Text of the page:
One never senses judgment from Dano, Kazan, Gyllenhaal, or Mulligan—they recognize that there’s beauty even in the mistakes we make in life. It’s what makes…
"Slam" is a fable disguised as a slice of life, and cobbled together out of too many pieces that don't fit smoothly together. It's moving, but not as effective as it could have been. Inspired in part by the documentary "SlamNation," it's the story of Ray, a Washington, D.C., prisoner whose life is transformed by poetry. And it also provides a glimpse of the world of competitive poetry slams, although Ray's story and the slam material don't seem to occupy the same level of intensity. Some scenes play like drama, others feel like they were grabbed documentary-style.
The movie stars Saul Williams, an effective actor, as Raymond Joshua, a young black man who is stopped by police who find four ounces of marijuana. He's innocent, he says, but he's advised by his public defender to cop a plea. That way he could get two to three years instead of up to ten. We can see he's stuck on the conveyor belt to prison, and a stern judge (played by former Washington mayor Marion Berry) gives him a weary lecture.
In prison, Ray's life is changed when he starts writing poetry, and recites it one day in the prison yard, where the other inmates are (somewhat unconvincingly) transfixed. He attends a prison writing class, where Lauren, the teacher (Sonja Sohn) announces it's her last day: "They've cut this program." She is impressed by his writing and encourages him, and after he gets back on the street he finds her again, and enters her world of poetry slams. At one of them, she introduces him from the stage, and his poem is well-received.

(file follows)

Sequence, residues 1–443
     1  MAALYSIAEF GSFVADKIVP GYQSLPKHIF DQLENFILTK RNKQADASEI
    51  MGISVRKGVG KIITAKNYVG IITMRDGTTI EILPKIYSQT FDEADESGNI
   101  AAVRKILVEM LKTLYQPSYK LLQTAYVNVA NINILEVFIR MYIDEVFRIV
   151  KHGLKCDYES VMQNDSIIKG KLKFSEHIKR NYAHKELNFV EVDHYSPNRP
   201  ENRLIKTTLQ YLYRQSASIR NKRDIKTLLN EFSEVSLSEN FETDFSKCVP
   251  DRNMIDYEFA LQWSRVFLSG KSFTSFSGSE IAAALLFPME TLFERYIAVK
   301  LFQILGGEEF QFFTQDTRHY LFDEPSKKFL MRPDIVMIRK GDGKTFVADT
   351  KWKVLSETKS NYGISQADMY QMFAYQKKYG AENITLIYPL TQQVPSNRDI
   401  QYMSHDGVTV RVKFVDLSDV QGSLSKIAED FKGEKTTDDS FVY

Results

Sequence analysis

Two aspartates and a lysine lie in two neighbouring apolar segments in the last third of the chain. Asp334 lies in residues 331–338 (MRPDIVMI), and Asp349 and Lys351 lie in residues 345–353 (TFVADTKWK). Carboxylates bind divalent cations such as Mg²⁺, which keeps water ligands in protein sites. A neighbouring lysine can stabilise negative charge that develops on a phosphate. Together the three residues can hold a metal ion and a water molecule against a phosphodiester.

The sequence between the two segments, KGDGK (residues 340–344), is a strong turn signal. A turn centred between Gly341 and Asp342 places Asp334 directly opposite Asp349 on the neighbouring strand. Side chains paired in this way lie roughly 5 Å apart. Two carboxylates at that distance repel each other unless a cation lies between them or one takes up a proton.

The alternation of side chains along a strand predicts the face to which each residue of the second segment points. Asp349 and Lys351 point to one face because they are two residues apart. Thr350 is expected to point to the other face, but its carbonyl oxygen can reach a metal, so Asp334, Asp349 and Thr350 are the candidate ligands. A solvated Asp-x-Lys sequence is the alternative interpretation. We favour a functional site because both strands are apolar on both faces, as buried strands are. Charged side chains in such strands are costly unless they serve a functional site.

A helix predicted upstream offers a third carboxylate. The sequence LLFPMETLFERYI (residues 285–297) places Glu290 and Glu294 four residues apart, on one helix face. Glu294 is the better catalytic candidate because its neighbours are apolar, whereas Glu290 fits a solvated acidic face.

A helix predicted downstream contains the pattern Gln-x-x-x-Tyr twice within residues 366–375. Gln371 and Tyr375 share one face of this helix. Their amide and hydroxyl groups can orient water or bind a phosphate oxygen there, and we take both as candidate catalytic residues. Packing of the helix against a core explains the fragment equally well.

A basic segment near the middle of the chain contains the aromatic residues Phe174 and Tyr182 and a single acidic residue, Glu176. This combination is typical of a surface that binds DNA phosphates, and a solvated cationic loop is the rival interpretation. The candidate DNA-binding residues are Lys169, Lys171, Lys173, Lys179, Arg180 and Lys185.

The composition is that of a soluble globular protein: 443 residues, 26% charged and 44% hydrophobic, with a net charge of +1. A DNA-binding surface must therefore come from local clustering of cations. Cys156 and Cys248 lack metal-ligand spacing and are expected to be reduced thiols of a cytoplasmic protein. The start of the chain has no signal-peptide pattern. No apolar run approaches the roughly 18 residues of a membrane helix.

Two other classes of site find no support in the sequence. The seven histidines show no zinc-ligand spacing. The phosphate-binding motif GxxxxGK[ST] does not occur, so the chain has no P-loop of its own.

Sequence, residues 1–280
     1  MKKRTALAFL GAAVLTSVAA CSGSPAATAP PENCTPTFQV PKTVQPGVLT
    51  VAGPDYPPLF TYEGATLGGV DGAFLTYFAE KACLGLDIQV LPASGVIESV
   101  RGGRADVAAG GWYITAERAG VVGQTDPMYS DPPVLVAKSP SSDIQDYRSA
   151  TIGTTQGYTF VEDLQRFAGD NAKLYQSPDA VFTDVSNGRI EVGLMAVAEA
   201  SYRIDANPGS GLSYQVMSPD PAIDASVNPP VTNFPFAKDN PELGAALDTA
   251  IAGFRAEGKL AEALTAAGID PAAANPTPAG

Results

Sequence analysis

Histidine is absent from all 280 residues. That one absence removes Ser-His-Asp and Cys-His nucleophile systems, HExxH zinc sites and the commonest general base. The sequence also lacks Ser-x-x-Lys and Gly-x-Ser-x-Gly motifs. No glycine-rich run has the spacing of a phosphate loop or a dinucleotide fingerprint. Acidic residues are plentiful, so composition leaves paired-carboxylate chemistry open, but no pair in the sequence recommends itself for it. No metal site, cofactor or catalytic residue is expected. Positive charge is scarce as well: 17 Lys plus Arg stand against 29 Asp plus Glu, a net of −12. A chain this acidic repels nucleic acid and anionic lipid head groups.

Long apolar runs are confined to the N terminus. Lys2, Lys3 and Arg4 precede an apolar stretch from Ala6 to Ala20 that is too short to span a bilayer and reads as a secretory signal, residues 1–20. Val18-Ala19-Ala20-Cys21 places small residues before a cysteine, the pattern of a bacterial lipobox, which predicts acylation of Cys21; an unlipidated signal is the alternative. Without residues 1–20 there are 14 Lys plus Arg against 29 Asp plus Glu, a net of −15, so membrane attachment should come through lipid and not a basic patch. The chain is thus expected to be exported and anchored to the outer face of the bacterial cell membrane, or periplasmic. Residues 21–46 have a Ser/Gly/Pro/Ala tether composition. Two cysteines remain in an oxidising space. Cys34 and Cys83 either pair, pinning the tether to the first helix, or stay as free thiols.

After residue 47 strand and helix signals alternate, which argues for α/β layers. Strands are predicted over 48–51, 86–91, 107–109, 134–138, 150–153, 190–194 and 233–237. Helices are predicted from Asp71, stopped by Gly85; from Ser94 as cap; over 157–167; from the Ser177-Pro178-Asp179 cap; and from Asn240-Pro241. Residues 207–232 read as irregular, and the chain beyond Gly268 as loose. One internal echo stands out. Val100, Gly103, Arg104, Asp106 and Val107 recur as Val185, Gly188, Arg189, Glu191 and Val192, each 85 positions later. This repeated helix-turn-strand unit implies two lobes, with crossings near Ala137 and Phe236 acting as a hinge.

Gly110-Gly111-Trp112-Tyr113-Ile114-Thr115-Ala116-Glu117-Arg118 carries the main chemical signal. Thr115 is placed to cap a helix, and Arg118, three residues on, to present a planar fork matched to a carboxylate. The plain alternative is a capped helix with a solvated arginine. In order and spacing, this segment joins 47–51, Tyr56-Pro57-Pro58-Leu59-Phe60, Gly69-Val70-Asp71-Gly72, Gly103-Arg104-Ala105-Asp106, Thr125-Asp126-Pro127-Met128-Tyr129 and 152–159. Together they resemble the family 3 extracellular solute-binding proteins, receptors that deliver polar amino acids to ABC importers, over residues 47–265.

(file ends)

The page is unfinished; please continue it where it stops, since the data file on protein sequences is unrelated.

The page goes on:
It's at about this point that the film loses its focus. Ray's arrest, conviction and imprisonment are all filmed with realism. But the romance with Lauren seems out of another movie, and the scenes at poetry slams are awkwardly integrated: Either they weren't staged for this film, or the assistant director didn't have his extras under control.
Sometimes it works when characters are plugged into real events, but not this time. And having heard truly emotional, heartbreaking performances from slammers, I was underwhelmed by some of the material in this movie. (The audiences, notoriously hard to please, are of course pushovers here.) The movie was made for about $1 million, but its shortcomings aren't because of the budget; they're because the director, Marc Levin, didn't decide clearly what level of reality to go for, and stick to it. Better, maybe, to make a drama all the way through, and not unwind the tension with the semi-doc poetry readings.
That approach would also have kept the focus on the relationship between Ray and Lauren, who are both well acted, and who are in an interesting dilemma: She's had hard times in her own past life, and while she wants to help an ex-con, she doesn't want to link her unfolding future to his problems. That Ray is a gifted poet doesn't make him an ideal mate.
There are issues lurking just out of sight here, but well known in the black community, about the shortage of eligible males and the reluctance of professional women to date beneath their economic level, but the movie doesn't really engage them. Lauren has some speeches that hint at what she's thinking, but then the movie dances away as if everything were simply a matter of the heart. We sense that Ray and Lauren are shaped more by the thousands of other relationship movies than by the specifics of their characters and their world. We sense their dialogue falling into he-and-she patterns of screenplay formula--into the familiar rhythm in which attraction is followed by retreat and then by reluctance return and final acceptance.
To give the movie its due, there is an open ending, which is probably the right one; nothing is settled in Ray's life, and the movie doesn't try to squeeze a solution into 100 minutes. There is a lot of good material here, but it's unshaped and not sufficiently grappled with.
This message came to me from a reader named Peter Svensland. He and a fr...
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